Tuesday, 13 July 2010

Don't smoke!

The Words of Wisdom this week are very simple.

Don't smoke!

As an actor one of your main assets is your voice. The easiest way to damage it is by smoking. Don't smoke!

You'll know about the health factors: lung cancer and other cancers, heart disease, emphysema, chronic bronchitis - all nasty diseases that you would want to avoid. Don't smoke!

Ever seen a smoker trying to run? Breathing more deeply they dislodge the tar buried in their lungs. It rises into their throat and they suffer a coughing fit as they try to clear it and have to stop. Don't smoke!

And then there are the wicked tobacco companies, making money out of a drug more addictive than heroin. Why put money in their pockets? Don't smoke!

Smokers have years taken off their lives. A recent study of 180 people aged 100 and over found that one, yes just one of them, smoked. About 20 had smoked in the past but had given it up. The remainder had never smoed in their whole life. So if you want to live long and healthily: don't smoke!

And, if you are afflicted by this addiction Allen Carr's Easy Way to Stop Smoking is recommended.

But, best of all: don't smoke!

Tuesday, 6 July 2010

Accents: exaggerate when learning, underplay when performing.

An actor should never stop exercising his or her voice. Apart from working on the tone of the voice, developing projection and maintaining clear diction, there is the whole area of dialects and accents to consider. (The meanings of these two words overlap, but generally a dialect is a different version of a mother tongue, depending on the country or area someone comes from, while an accent either refers to someone using a foreign language or the voice of a particular person.) Although actors are usually cast for parts which use their own accent, this is not always the case and, in any case, the more you learn about voice and speech the better.

The main way in which accents vary is in the actual sounds made in pronouncing the vowels and consonants: for example, whether the 'r' is rolled in a word like 'worse', whether the 'a' is long or short in 'path' whether the 't' is pronounced in 'brighten.' But there are many other important differences: how much stress or emphasis there is on individual syllables (French speakers, for example, speak with very little stress), what is the characteristic pitch, how much of a musical intonation is present, what is the typical tone (often throaty in city dwellers) what is the pace (often slow in country people) how precisely do people speak.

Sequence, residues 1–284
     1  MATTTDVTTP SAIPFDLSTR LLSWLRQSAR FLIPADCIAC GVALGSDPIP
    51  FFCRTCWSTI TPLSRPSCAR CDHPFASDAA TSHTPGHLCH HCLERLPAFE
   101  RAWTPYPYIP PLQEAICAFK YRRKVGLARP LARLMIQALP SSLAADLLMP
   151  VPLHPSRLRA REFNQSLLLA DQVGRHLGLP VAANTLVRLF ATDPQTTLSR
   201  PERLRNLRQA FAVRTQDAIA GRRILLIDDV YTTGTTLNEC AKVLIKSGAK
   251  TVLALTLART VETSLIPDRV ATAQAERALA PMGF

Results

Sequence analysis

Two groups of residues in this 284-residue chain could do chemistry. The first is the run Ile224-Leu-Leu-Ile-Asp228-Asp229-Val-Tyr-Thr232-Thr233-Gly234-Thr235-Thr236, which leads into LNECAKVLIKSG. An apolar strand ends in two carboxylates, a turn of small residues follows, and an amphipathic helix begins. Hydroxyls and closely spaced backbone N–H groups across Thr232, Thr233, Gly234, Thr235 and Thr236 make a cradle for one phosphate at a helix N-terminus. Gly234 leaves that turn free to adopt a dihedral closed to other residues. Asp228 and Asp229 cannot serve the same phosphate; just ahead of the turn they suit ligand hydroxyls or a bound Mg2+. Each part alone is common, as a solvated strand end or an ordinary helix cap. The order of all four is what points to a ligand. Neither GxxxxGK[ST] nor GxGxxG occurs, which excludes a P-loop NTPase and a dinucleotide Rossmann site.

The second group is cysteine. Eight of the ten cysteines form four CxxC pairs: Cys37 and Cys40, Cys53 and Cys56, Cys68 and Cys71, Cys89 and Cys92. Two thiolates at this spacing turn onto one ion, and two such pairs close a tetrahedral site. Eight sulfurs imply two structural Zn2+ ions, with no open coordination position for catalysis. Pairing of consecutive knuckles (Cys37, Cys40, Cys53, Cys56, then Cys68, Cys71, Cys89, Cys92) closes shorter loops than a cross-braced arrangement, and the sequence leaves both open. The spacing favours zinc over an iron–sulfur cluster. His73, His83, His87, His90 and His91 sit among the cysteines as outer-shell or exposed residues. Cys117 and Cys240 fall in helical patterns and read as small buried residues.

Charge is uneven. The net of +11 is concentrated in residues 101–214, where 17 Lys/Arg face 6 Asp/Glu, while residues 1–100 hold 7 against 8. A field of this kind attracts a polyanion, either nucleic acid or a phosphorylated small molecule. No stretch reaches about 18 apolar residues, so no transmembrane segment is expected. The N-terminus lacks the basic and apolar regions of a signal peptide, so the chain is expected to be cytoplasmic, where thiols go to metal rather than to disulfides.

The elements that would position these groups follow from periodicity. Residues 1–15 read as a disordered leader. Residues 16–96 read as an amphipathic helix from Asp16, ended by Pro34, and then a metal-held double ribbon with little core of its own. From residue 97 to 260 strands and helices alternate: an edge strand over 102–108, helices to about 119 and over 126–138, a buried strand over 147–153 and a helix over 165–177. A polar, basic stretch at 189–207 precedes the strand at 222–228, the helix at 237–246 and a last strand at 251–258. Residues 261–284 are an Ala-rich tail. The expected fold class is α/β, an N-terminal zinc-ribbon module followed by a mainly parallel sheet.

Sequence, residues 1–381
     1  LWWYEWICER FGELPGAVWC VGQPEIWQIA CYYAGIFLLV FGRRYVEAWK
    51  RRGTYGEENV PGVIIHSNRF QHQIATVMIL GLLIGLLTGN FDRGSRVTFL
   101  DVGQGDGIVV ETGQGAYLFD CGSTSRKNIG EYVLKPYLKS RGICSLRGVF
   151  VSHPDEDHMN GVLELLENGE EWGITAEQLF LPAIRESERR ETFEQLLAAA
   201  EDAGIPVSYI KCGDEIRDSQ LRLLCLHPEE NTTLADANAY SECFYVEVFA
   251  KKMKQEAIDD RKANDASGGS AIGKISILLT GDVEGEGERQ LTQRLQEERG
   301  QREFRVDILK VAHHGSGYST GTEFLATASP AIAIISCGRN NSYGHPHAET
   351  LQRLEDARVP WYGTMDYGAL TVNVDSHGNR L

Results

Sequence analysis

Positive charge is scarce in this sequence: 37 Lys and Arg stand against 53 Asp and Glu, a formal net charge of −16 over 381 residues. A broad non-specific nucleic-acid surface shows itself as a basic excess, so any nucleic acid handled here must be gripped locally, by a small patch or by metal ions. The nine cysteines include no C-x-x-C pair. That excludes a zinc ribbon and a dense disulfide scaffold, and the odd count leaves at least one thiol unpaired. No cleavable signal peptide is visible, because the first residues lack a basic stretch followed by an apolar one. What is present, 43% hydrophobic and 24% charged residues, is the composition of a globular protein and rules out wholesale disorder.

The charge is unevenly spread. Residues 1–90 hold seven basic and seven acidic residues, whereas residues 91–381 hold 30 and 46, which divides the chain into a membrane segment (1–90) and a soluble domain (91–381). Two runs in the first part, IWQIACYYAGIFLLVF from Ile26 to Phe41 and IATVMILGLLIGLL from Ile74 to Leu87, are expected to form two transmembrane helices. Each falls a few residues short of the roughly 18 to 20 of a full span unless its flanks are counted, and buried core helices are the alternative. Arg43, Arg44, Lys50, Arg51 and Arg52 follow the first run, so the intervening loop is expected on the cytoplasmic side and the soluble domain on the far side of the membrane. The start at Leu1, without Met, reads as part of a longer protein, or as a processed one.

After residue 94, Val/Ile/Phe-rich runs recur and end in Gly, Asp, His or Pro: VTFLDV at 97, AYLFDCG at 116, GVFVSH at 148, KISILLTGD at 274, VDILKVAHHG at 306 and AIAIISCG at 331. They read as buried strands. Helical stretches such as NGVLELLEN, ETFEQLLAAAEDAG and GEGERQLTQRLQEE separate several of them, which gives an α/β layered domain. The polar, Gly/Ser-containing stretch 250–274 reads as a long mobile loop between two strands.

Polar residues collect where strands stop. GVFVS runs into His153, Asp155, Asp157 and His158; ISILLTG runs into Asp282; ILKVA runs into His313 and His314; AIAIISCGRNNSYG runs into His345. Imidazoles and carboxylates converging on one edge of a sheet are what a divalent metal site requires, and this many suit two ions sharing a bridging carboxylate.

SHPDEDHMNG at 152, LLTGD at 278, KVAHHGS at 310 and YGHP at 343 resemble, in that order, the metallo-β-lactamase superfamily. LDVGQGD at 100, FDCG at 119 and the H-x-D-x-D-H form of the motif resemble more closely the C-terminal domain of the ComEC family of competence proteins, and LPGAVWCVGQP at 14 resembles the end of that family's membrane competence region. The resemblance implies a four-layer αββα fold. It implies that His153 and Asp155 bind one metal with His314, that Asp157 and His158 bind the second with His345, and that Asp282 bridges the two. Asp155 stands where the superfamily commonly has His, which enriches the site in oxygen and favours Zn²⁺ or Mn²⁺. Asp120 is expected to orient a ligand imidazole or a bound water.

The throatiness factor is an interesting one. The cockney accent, from London, and the Bronx accent from New York, share this and, presumably, people in those places have for generations closed their throats when speaking, to protect themselves from the polluted air of the big city. However, there is a new kind of throatiness heard from fashionable Californians - sample 'The Hills' to hear it - and I have no idea why this should have happened, but then there is no accounting for fashion, is there.

There is endless fascination in how people speak and many subtleties. For example, doctors and lawyers speak slightly differently from each other, no doubt because of their different roles in life. Neither do builders speak like sales staff. There is also a lot of fun to be had in 'doing' voices and developing characters who speak in different ways. I was lucky enough to have been brought up in the golden age of radio comedy, listening to classic shows such as 'Take it from Here', 'The Goon Show' and 'Hancock's Half Hour.' I found that when I got into school the next day I could imitate what I'd heard the night before and add to it as well. I found I could make people laugh and this was one of the first things that turned me on to theatre.

The best way to learn an accent is from someone who speaks with that accent or by going to the area where that accent is spoken. Failing that, listen to recordings and talk back to them (the talking back is very important.) You are using the power of imitation, which is an important part of the learning process. When a whole cast have to speak with an accent they can improvise together using it and catch it from each otherlike a disease.

One final Word of Wisdom: when learning an accent, exaggerate it: this accelerates the learning process because you are stretchiing yourself. When using an accent in performance, underplay it because accents are more subtle than you think and you don't want to fall into a 'stage' caricature version. Accents: exaggerate when learning, underplay when performing.